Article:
Stone imagines her grief as a purgatory of sorts, set in a metaphysical strip club. The title references the poem "The Möbius Strip of Grief," written by her grandmother, the notorious Ruth Stone, and its imagery is heavily referenced. Stone also invokes her mother in avian metaphors throughout. Haunting, strange, and oddly compelling. — Joe Michon-Huneau
"Bianca Stone is a brilliant transcriber of her generation's emerging pathology and sensibility." —John Ashbery
A Paris Review Staff Pick and Most Anticipated Book of 2018 at NYLON, Bustle, Autostraddle, and more.
The Möbius Strip Club of Grief is a collection of poems that take place in a burlesque purgatory where the living pay—dearly, with both money and conscience—to watch the dead perform scandalous acts otherwise unseen: “$20 for five minutes. I’ll hold your hand in my own,” one ghost says. “I’ll tell you you were good to me.” Like Dante before her, Stone positions herself as the living poet passing through and observing the land of the dead. She imagines a feminist Limbo where women run the show and create a space to navigate the difficulties endured in life. With a nod to her grandmother Ruth Stone’s poem “The Mobius Strip of Grief,” Stone creates a labyrinthine underworld as a way to confront and investigate complicated family relationships in the hopes of breaking the never-ending cycle of grief.
About the Author
Bianca Stone is a poet and visual artist. She's the author of the poetry collection Someone Else’s Wedding Vows, Poetry Comics From the Book of Hours, and contributing artist/collaborator on a special illustrated edition of Anne Carson's Antigonick from New Directions. Bianca co-founded, and edits, Monk Books and chairs The Ruth Stone Foundation, based in Goshen, VT and Brooklyn, NY.
A feminist counterpart to Lincoln in the Bardo. Poet Bianca Stone’s new collection submerges the reader in burlesque purgatory. Depicting a contemporary Hades, Stone revivifies ghosts of women poets long past and eulogizes their fierce genius.
— New York Magazine
[A] brilliant, wildly imaginative mediation on grief and loss and coping with being human and then not being at all. — NYLON
[A] collection that features a bravely vulnerable beating heart hidden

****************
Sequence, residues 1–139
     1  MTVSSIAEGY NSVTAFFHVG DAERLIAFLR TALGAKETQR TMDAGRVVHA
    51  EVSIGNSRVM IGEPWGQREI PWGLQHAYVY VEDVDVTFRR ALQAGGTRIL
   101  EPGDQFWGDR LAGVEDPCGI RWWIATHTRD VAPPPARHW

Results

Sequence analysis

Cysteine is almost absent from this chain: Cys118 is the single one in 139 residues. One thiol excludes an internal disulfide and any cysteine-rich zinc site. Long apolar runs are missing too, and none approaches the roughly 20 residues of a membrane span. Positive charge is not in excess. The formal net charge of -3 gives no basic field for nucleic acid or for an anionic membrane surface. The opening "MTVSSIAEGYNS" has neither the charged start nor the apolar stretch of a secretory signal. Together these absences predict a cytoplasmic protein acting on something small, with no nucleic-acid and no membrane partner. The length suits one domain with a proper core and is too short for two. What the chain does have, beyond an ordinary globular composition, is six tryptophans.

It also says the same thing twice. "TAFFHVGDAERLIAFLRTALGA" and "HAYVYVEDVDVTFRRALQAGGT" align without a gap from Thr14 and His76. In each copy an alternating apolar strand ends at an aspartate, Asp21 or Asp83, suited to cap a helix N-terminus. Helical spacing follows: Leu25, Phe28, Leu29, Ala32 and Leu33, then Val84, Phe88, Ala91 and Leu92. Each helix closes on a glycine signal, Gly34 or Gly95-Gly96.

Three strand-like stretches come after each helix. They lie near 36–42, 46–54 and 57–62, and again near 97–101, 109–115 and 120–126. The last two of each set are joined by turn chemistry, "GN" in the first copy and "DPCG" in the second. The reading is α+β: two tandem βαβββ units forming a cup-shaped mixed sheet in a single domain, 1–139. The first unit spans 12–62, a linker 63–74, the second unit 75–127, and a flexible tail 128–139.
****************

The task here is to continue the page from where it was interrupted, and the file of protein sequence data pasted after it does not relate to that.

beneath layers of irony and clever misdirection. Stone is the child of her
muses, Sexton and Emily Dickinson, and it is an odd but delightful union. — Publishers Weekly, Starred Review
Fantastically unsettling and sparks a serious meditation on grief and family, from a distinctly feminine perspective. . . . [Stone] populates her poems with characters that range from Emily Dickinson to her grandmother, and the result is the feeling that we are witnessing a soul’s intimate reckoning with life. Many poets have attempted to imagine the afterlife, and Stone’s addition to the tradition disrupts it in the best way. — The Paris Review, Staff Pick
Meditative and darkly entertaining, vivid and visceral, a little bit out-of-control, The Möbius Strip Club of Grief is filled with tired bodies, bodies with scars, other women poets, and members of Stone’s own family — including a grandmother who herself is being grieved. This is a poetry collection like few you’ll come across.
A little bit Inferno, but maybe even more so the deliciously devilish No Exit, Stone’s book is a strange, entertaining journey into an underground world where poor souls are 'clinging to our tragedies, finding our favorite face.' . . . You’ve never quite seen a poetic party like this.
— The Millions
The Möbius Strip Club of Grief showcases a talent who is bold, original and highly attuned to human suffering, though the collection is not without moments of humor. Stone's wild and ingenious exhibitionism exposes the psyche's innermost sensitivities—a literary strip club for the soul.
— Shelf Awareness
Stone follows grief—and its many manifestations—through a salacious, serpentine strip-club underworld . . . sharply observed, wryly playful, and fiercely defiant. — Booklist
Perhaps the most intriguing of the upcoming releases . . . The Möbius strip is easy to construct but for those who enter such a space, escape is impossible—a situation readers may find themselves in when they start reading these stellar poems. — Signature Reads
Bianca Stone’s lyricism outright rejects the Wordsworthian definition, 'emotion recollected in tranquility'; there is nothing tranquil about these poems or the state in which they were written. Grief, loss, and disappointment are transferred to a landscape of wild objects and associations. We are propelled along by abrupt changes in perspective and dimension. Bianca Stone is a brilliant transcriber of her generation’s emerging pathology and sensibility. — John Ashbery